Raised with a love of the game through family ties
Cricket is a sport that has gone through a massive generational change around the world over recent years, and there is perhaps no better way of seeing this evolution than through the eyes, and lives, of the father and daughter pairing of Alan and Gaby Lewis.
Alan Lewis, 55, has graced the Irish international sporting landscape for decades, making his name as both an international cricketer and international rugby referee. The son of a former international cricketer, Ian Lewis, Alan is the father of two international cricketers, Gaby and Robyn Lewis.
The international debuts of Alan and Gaby Lewis were just over 30 years apart - Alan made his international bow in June 1984, while Gaby received her first cap in August 2014.
Thirty years apart, the game is at times barely recognisable to the outsider, with the advent of T20 cricket and the great advances in the women's game. Despite this, when you hear from former and current players - a lot still rings consistent and true.
"How influential was my father in me playing cricket? My dad was passionate about cricket, and cricket was just a constant in our family life," said Alan.
"If you look at the history of Irish sport there are great family connections and traditions - and cricket is no different. Just take today's international men's squad, I played with four of the fathers of the current team. The sport of cricket is very family-oriented."
"I was down at the ground from three years of age - there was no pressure to play, you were just regularly there at the club with a bat and a ball taunting adults to bowl at you all day. You were just immersed in it."
"I grew up in an era when most of the West Indies players were my heroes. My house was even named after Desmond Haynes - it's called Haynesville!"
Asked if her father was influential in her decision to pursue a cricket career, 18-year-old Gaby's take shows a consistency: "No, dad was never pushy with me about getting into cricket, it was always just something to play if I wanted to. But in summer, the club was our second home. Everything revolved around cricket and it was always on TV in the house. My main regret was that we could never take summer holidays, summer for us was dad or then Robyn and I playing cricket. Our family holiday was always around Christmas!"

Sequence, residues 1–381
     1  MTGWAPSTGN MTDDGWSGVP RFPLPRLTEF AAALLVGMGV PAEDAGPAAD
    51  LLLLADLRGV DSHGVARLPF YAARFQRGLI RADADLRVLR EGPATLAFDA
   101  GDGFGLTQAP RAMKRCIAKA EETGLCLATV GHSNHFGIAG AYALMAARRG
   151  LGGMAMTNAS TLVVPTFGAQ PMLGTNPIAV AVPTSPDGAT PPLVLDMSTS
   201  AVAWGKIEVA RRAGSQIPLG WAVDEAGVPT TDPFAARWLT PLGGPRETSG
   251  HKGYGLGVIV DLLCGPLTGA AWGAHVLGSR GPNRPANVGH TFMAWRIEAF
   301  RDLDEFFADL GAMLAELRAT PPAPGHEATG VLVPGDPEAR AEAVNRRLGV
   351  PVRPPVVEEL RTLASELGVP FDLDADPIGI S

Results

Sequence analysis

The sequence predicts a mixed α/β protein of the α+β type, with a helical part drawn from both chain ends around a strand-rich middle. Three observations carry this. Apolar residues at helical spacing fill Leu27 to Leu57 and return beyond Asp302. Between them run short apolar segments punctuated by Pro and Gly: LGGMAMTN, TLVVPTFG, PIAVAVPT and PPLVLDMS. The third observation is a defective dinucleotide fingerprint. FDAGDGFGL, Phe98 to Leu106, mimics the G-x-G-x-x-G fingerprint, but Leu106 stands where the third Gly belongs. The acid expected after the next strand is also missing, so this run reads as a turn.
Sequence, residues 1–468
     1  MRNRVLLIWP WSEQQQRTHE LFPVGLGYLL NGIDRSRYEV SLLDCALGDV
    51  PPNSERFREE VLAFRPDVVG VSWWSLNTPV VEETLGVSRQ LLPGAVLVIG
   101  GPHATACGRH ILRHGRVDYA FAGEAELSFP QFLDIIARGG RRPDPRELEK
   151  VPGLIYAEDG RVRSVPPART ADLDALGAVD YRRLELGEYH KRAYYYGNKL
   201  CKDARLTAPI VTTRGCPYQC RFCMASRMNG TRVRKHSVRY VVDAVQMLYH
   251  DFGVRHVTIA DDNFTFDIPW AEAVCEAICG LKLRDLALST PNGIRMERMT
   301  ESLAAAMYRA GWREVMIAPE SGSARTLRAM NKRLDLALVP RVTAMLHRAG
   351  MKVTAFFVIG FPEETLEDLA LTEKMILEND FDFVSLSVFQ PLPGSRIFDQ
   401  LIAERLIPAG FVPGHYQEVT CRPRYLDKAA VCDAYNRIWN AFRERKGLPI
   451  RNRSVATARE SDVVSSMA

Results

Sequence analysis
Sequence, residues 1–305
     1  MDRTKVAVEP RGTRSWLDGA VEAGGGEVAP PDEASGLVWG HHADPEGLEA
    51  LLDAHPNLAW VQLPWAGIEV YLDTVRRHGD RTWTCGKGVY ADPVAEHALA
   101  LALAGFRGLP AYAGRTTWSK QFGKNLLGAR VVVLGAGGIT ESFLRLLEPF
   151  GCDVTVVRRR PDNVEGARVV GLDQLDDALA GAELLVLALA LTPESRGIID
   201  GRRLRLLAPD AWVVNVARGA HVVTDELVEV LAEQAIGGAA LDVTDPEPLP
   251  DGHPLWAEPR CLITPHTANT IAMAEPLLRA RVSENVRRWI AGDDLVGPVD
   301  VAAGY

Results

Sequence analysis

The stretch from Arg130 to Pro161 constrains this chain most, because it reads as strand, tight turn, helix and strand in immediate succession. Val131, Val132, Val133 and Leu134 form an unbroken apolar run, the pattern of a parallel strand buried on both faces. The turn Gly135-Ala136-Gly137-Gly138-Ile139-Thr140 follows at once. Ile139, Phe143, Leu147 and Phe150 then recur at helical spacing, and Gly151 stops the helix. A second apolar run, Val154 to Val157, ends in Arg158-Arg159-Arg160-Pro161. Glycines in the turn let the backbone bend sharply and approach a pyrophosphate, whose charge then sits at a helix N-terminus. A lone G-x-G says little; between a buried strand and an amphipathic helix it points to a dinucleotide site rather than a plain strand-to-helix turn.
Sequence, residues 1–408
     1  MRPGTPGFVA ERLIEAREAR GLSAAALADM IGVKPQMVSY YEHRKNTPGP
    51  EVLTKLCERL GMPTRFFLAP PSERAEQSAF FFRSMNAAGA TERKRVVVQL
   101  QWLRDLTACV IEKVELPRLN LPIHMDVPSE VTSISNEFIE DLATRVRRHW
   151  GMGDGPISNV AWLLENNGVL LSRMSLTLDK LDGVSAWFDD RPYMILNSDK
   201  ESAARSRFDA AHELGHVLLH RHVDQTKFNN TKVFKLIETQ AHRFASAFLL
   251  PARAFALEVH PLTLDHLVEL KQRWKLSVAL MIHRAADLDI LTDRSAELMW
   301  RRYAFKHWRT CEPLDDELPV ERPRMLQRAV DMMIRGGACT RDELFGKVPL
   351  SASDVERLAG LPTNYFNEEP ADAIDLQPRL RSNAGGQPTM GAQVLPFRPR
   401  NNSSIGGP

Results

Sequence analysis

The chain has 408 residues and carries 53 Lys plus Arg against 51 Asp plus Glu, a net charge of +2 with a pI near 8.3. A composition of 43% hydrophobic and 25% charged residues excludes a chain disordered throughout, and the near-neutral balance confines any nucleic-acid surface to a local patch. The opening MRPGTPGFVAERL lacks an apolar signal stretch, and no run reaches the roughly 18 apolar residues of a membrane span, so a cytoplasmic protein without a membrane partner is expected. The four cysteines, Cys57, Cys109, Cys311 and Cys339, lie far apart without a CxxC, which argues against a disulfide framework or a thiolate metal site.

Gaby was recently one of six Irish women's cricketers to receive the first professional contracts offered by Cricket Ireland. However, she states that the increasing professionalisation of the game is not her main motivator: "It's the honour of representing my country. I've now played internationally for five years and we've created a special culture in the squad. It just makes it a really enjoyable thing to do."
Neither was professional cricket a motivator for Alan. It wasn't even an option in Ireland in those days: "My motivation to play was simply to challenge myself to get better. I played a season of club cricket in Australia in 1984-'85 and that really showed me how determined and competitive people can be about the sport. It drove to me to want to be better than them."
Irish cricket in the 1980s and '90s was nearly two decades away from professionalism of the men's game here, and it occasionally gives Alan pause for thought: "I often wonder if I could have made it if I'd played today. Not in a jealous way, mind you, but back then I was a hard worker, I practised every day and was always seeking advice on improving my game."
Few doubt that the former Irish skipper with 121 caps would have been a star today, but he is relaxed with what he achieved during the era he played in.
And the best piece of cricket advice they've been given? "It's only a game," says Gaby. "Every sportsperson is going to have ups and downs, you just have to wait for the ups, and deal with the downs as they come."
"When you're in form, never neglect the responsibility of it," said Alan. "My dad said that. And I never forgot it."
The pair's views on women's cricket are coloured from their generational standpoints - Gaby from the perspective that professional women's contracts are a reality, and Alan from the perspective of playing during an era when neither men nor women were professional in Ireland.
"The introduction of women's contracts has certainly been a massive change," says Gaby. "Internationally, the standard has gone up significantly and the mid-ranked countries are starting to close the gap with the 'big three' [Australia, England and India]"
Coming from 30 or more years of watching the women's game, Alan drew greater distinctions, but father and daughter landed in the same place.
"I was watching women's cricket back when I was playing, mainly because Miriam Grealey, who I believe is Ireland greatest women's cricketer, was playing and scoring centuries against men's teams of the day. I think she was born in the wrong era to do justice to her talent."
"The athleticism and skill of the women's game today has improved greatly, the batting, bowling and fielding - probably there is still a gap in power hitting but that is improving every year."
A generation apart, but the pair clearly share a common upbringing, a passion for the game and an optimism for the future of women's cricket.
It seems cricket's traditions are as much in the lives of the players as the rules of the sport.
Sunday Indo Sport